Friday, October 27th, 2023

A unique, one-day event bringing together investigators from academia, industry and infertility clinics to meet and form collaborations.

Location: At the Marriott Courtyard Boston Downtown Tremont Street in Boston’s Theater District (near T), and live online.

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David Keefe, MD

NYU Ob/Gyn
Professor, Department of Cell Biology at NYU Grossman School of Medicine

Talk Title: “Retrotransposition and early embryo development”

Dr. Keefe is an internationally recognized clinician scientist whose early work focused on the role of telomeres in mammalian gametes and has more recently been involved in studies of parthenogenesis and retroelement expression.

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Oliver Rando, PhD

Professor, UMass Chan Medical School, Biochemistry and Molecular Biotechnology

Talk title: “Epigenetic contributions of sperm to early development in mammals”

Dr. Rando is an internationally recognized pioneer in the epigenetic influence of sperm on egg fertilization and resulting offspring development in murine models.

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David Albertini, PhD

Editor in Chief, Journal of Assisted Reproduction and Genetics

Talk title: “Human Egg Research: Past, Present and Future”

Dr. Albertini investigates the acquisition of developmental competence in mammalian embryos as it relates to ovarian physiology and the impact of Assisted Reproductive Technologies.

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Eric Bittman, PhD

Professor, Department of BIology
Center for Neuroendocrine Studies
UMass Amherst

Talk title: “Time is of the Essence: Circadian coordination up and down the reproductive axis.”

Dr. Bittman is a circadian rhythm scholar whose recent work has described the complex circadian signals involved in mammalian ovulation.

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Tiziana A.L. Brevini, PhD

Unistem-Laboratory of Biomedical Embryology and Tissue Engineering Chair of Anatomy and Histology, Università degli Studi di Milano

Talk title: “Expression profile and mechanosensing related pathways in parthenogenetic cells”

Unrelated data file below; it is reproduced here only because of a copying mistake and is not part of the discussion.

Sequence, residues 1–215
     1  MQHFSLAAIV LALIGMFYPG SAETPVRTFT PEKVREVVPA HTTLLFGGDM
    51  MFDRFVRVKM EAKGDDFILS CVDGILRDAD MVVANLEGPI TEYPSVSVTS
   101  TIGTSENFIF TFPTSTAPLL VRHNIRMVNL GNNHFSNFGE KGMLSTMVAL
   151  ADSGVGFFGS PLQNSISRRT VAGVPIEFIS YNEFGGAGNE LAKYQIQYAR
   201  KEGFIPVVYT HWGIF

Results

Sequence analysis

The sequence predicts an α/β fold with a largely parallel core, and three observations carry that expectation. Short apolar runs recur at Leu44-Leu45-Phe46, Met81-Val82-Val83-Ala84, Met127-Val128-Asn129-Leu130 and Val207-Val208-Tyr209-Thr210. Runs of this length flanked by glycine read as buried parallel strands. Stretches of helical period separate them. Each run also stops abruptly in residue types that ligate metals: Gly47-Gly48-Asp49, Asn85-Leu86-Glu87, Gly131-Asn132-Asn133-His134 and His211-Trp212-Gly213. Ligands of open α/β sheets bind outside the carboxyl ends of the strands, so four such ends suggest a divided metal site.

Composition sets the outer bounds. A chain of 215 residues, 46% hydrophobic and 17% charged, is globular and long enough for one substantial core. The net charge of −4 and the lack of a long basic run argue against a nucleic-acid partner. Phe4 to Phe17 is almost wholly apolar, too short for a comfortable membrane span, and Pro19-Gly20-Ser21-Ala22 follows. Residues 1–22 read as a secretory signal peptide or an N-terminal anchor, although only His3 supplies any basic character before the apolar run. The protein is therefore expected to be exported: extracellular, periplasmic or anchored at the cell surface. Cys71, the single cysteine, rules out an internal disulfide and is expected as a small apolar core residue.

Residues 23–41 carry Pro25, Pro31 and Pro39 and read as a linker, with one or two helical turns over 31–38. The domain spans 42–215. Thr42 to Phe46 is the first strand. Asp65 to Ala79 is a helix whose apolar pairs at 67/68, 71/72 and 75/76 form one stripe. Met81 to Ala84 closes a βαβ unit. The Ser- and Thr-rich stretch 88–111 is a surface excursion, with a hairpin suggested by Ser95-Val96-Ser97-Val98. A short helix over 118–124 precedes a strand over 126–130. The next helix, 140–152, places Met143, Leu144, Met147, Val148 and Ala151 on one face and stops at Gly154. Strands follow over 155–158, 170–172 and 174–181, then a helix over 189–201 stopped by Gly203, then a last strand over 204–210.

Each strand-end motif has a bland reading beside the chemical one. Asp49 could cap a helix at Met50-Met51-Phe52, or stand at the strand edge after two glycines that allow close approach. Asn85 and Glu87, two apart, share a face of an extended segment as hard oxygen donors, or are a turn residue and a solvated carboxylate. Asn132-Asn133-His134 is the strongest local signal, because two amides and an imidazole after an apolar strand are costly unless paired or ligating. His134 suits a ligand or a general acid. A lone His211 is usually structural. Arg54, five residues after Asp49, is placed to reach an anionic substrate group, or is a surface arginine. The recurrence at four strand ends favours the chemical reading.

Dr. Brevini’s work contributes broadly to the interface between regenerative medicine and stem cells (ES, iPS) as related to the development of organoids and using mammalian parthenogenesis to derive stem cells.

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Björn Heindryckx, PhD

Ghent-Fertility And Stem cell Team (G-FaST) Department for Reproductive Medicine Department of Human Structure and Repair Ghent University Hospital, Belgium

Talk title: “Overcoming dysfunctional oocyte cytoplasm causing failed fertilization or embryo developmental arrest”

Dr. Heindryckx is a leader in the European community investigating genetic instability in human eggs before and after artificial activation (parthenogenesis) or fertilization.

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Ann A. Kiessling, PhD

Dr. Kiessling is Director of the Bedford Research Foundation and is retired Associate Professor of Surgery at Harvard Medical School.

Talk title: “The Beginning of Reverse Transcription”

Dr. Kiessling’s research has been at the crossroads of infectious disease and reproductive biology for decades and has more recently focused on human parthenogenetic stem cell derivation for clinical uses.

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Gianpiero D. Palermo, MD, PhD

Professor of Embryology in Obstetrics and Gynecology
Weill Cornell Medicine

Talk title: “Clinical Aspects of Early Fertilization”

Dr. Palermo, widely recognized for his seminal work on ICSI, is a specialist on male factor determinants, both genetic and epigenetic, that impact clinical outcomes focusing on male gamete cell biology.
Corrado Spadafora, PhD

Italian National Research Council
Visiting Scientist, Bedford Research Foundation

Talk title: “Sperm-Mediated Epigenetic Inheritance, Genesis and Propagation of Extrachromosomal Information”

Dr. Spadafora’s pioneering reports of epigenetic cargo carried into eggs by sperm was initially very controversial and is now a recognized sperm activity.

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Dan Wikler, PhD

Professor of Ethics and Population Health
Harvard School of Public Health

Talk title: “A.I.D, A.I.H, A.I.V, A.I.P… and the Turkey Baster Baby”

Dr. Wikler is an internationally recognized expert in human subjects research and has chaired BRF’s Human Subjects Review committee for many years.

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The Bedford Stem Cell Research Foundation is entirely supported by private donations. And since the Foundation has lower operating costs than large teaching and medical institutions, 94% of your donation goes directly to the laboratory. For this reason, more research results from each donation received. Please help us support this urgently needed research.